Digitalised spaces (the shop at the forefront) have become the theatre of numerous animations, often featuring innovative technologies that aim to offer an immersive experience to the visitors. With this will to get a step up on the others in improving the customer experience (at every level: showcase, receptions, waiting area, choice, testing, purchase, after sales service…), interactive digital signage is showing an immense potential.
Interactive digital signage, a bidirectional communication channel
Interactive signage defines a display, whether it’s static or dynamic (poster, screen…), it thus gets improved by an interface that allows the visitor to interact with it, and particularly if it’s with the broadcasted message.
The interaction can be at the initiative of the client (pushing a button, using a tablet…) or at the initiative of the signage itself (triggered by a system of gesture recognition...). Though the lines are blurry, it is interesting to differentiate certain levels of interactivity, going from triggering simply when detecting movement, to interactive games based on where the visitors are looking. The complexity and cost of the installation differ, as well as the advantages and benefits.
Interactive signage is mostly used by stores in order to improve the customer experience. These interactive broadcasts are ideal for engaging visitors, and are easily memorised. They are thus a good way to efficiently transmit messages, to valorise know-how or simply to augment the likeability of a store by installing fun experiences
CityMeo’s interactive applications
During the Innovation Days 2016 (gathering of IOT start-ups and large firms), CityMeo presented technological innovations dedicated to the world of retail: a facial recognition system, remote controls, interactive synchronisations and connected buttons (Wi-Fi, 3G, Bluetooth, Sigfox…). Specifically, 2 applications were put in place to entertain the visitors and give them a relaxation spot in between technical conferences.
The wheel of fortune
Inspired by televised games inviting a spectator to spin a wheel and to win a prize (maybe a 100 potatoes !), the interactive application of the wheel of fortune allows the visitor to spin a virtual wheel. After having filled in personal information (email, name, gender, age, phone number…), an animated wheel, synchronised between the screen and the smartphone, shows the visitor what they won.
This interactive example allows you to really engage the client (motivated by prizes), to integrate new screen, to enrich the client data base, to animate a POS and to communicate about partners (logos, sponsored prizes…).
Well received in pilot stores, this application boosts your business by offering an interactive and engaging, fun service to the customer, and added value for the brand.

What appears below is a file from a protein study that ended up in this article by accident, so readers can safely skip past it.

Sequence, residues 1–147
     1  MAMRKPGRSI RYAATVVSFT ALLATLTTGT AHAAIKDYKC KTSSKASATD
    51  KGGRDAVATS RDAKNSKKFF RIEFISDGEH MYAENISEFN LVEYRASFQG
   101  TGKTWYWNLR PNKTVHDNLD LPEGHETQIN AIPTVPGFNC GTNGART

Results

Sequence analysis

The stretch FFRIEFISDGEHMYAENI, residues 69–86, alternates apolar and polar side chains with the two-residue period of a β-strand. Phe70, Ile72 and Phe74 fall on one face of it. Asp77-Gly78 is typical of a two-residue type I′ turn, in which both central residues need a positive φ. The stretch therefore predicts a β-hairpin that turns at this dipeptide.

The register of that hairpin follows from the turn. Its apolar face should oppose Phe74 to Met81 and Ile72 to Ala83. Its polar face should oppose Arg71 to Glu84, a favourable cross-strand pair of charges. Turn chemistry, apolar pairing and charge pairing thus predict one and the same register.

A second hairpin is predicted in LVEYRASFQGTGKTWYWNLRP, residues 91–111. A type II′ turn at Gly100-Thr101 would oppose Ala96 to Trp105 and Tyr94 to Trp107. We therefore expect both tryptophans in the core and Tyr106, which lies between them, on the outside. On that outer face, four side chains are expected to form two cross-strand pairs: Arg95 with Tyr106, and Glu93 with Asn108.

The interactive film
The interactive film offers visitors the possibility to directly interact with the broadcast and choose what happens in the film. Quite like the “Choose your own adventure” books, the film interactive film offers the visitors the possibility of taking the reins of the story and to make the choices for the hero. A terminal, made up of physical and connected buttons, invites the visitor to make the choices instead of the hero.
This interactive broadcast allows you to reinforce brand image through an immersive and unique experience and to collect client data (the end of the film is only available once you fill in your personal information). Moreover, the attention of the visitor during the time that they’re participating in the movie can be monetised thanks to the triggering of contextualised content on a nearby screen (The film shows a hero driving a car to go to a gala party. At this very moment another screen broadcasts a car publicity for a partner brand. Or even better: the model of the car changes in function of the weather of the place of the interactive experience…)
Generally sought after in museums and schools for educational ends, this application can also be a POS success.
Beyond 2D (QRcode) or 3D codes, tactile tablets and movement sensors that are already in use, new forms of interaction start appearing in the landscape of interactive signage. Physical buttons, sensors of sound, light, force, temperature and voice, facial or gesture recognition systems allow for new experiences. Facial recognition in particular has interested many, as much for advertisement purposes (specific targeting) as well as games, education or signage (games controlled by looking).
But these technologies only truly become interesting if they bring a service with them. Anyone can connect a tablet to their website and call it an interactive experience, but what does this really bring? What is the advantage for the user? What is the experience or service for them? In this anthology of interactive signage, only the applications connected to some real use, are worth looking at.